Book Club



Dear Mrs. Bird

Summer is around the corner so, I’m going to ignore the fact that I still need my winter coat here in Newfoundland, and begin my beach read recommendations! 

One of the things I like best about Dear Mrs. Bird is that author AJ Pearce starts the story with a bang. Not literally, although she could have given that it’s set in wartime England. What I mean is that the story starts right away. From chapter one we meet the main character, Emmy, and learn that what she wants most in the world is to become a war correspondent. 

She applies for a position, but in her excitement doesn’t realize that the job is not with a newspaper, but with a ladies magazine owned by the same company as the newspaper. So, rather than writing hard-hitting news stories, Emmy becomes the administrative assistant to the advice columnist, Mrs. Bird. 

If you like Call the Midwife, you’ll like Dear Mrs. Bird. Pan Macmillan advertises this debut novel as a story about friendship, and it is to a point. But in my opinion, it’s really a performance story about a woman who wants to prove herself on the job but to do so, needs to mature.

Mrs. Bird herself is a bit of a caricature (she even wears feathers), but that doesn’t stop the novel from being funny. Given the setting of London during the blitz, working jokes into the story can’t have been easy. There are some lovely, tender moments in this novel; just enough to make the characters endearing without ruining a sunshiny summer day.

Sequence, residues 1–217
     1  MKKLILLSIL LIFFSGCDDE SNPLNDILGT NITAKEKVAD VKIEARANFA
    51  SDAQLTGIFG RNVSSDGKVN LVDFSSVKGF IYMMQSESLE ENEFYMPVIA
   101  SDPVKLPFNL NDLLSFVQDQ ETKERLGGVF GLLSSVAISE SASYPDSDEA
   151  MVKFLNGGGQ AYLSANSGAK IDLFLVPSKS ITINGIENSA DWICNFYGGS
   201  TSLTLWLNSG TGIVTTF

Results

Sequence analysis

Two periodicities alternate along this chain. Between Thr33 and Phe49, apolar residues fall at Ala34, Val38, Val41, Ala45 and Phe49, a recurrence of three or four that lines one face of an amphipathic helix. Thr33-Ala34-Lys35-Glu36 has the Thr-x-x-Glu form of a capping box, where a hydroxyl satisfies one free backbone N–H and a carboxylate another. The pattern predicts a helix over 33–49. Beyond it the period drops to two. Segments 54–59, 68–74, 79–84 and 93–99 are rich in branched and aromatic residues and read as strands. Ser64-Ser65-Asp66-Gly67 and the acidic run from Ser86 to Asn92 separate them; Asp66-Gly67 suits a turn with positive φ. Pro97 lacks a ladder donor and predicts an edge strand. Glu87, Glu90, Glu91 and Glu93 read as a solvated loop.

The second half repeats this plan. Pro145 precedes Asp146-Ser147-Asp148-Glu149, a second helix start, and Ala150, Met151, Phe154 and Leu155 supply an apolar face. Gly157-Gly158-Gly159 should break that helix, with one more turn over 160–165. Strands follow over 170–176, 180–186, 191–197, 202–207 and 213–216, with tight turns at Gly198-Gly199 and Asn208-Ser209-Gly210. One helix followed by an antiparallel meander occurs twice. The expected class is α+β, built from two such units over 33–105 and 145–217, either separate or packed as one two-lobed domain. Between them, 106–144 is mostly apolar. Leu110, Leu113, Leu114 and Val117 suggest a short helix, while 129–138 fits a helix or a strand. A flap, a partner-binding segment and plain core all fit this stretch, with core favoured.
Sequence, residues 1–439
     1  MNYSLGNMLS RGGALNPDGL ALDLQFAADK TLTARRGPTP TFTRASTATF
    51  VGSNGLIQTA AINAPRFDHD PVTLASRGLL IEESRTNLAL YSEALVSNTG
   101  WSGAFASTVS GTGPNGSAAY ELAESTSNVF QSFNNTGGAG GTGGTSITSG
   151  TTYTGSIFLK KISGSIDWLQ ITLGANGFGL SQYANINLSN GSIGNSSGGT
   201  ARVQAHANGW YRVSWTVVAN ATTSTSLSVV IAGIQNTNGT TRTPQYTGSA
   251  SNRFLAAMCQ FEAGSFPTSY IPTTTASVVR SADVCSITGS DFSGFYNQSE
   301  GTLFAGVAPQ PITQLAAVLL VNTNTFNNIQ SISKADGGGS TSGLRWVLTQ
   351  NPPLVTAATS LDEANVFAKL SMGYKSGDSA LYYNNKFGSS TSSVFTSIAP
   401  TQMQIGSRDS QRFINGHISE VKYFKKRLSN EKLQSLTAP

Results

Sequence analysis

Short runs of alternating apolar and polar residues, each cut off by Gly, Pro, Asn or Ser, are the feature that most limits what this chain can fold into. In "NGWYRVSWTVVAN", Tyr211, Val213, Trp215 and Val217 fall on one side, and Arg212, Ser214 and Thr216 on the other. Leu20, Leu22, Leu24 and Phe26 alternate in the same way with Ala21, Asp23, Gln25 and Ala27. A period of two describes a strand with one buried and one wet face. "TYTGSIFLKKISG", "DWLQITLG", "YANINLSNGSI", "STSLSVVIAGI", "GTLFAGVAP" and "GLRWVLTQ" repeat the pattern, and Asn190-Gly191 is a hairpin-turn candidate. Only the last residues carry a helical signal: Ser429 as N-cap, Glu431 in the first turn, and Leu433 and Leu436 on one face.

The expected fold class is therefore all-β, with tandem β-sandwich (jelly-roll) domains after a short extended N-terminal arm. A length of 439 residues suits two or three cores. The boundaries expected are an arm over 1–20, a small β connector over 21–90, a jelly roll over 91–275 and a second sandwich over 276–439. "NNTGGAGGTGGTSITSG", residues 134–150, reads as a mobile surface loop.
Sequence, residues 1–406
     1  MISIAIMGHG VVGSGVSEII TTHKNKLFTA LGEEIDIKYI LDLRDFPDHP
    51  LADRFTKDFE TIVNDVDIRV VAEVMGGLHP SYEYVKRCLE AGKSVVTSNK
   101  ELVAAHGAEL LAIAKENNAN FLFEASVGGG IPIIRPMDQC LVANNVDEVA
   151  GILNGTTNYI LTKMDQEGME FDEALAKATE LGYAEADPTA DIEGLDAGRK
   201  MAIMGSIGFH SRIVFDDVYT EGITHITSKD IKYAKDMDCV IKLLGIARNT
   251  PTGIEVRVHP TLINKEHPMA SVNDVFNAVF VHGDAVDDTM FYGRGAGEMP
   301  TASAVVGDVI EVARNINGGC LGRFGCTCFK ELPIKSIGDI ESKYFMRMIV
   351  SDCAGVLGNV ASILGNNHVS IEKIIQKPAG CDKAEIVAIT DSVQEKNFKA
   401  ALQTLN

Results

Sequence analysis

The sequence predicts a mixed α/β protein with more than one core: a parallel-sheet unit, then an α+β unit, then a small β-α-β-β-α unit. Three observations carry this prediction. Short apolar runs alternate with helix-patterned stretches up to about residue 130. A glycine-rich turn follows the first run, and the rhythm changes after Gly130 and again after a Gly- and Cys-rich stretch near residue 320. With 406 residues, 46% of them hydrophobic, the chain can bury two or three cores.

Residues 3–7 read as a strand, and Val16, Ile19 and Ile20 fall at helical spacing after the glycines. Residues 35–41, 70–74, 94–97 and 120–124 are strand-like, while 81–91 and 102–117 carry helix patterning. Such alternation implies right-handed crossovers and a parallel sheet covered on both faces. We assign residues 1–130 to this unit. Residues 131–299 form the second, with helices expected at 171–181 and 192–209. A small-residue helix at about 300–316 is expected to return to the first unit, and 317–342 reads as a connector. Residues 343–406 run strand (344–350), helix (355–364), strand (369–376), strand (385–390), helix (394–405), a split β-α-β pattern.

As my friend Anne said, Dear Mrs. Bird is a white wine book. It’s a solid, entertaining read that you can enjoy from the patio.

Available in print, digital and audio versions. Visit your local library or click here to buy the ebook. If your library doesn’t carry this book, ask them to order it.

Audiobook Review

The audiobook is read by actress Anna Popplewell (of Narnia fame). Narrating a novel is a tough gig, but I find that stories performed by trained actors are usually excellent. This is no exception.

Valerie Francis

The Mystery of Mrs. Christie

Well, you’re not going to believe this. Reece Witherspoon and I picked the same book for our February book clubs. Sort of.  Late last year, I came across THE MYSTERY OF MRS. CHRISTIE by Marie Benedict and was fascinated by the premise. Benedict writes historical fiction, much like Philippa Gregory,

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Valerie Francis

A Girl Named Howard

This month, rather than recommend one book to read, I’m recommending the entire body of work of one author because Anne Rice, who passed away December 11, 2021, single-handedly revolutionized the role of vampires in literature.  Yes, vampires.  And the impact she’s had is more significant than you might realize.

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Valerie Francis

The Christmas Bookshop

If you’ve had it up to your eyes with holiday preparations and are looking for a light-hearted story to escape into, The Christmas Bookshop, by Jenny Colgan, might be just the ticket. The title is a bit misleading, in my opinion. Yes, there’s a bookstore. Yes, the plot unfolds in

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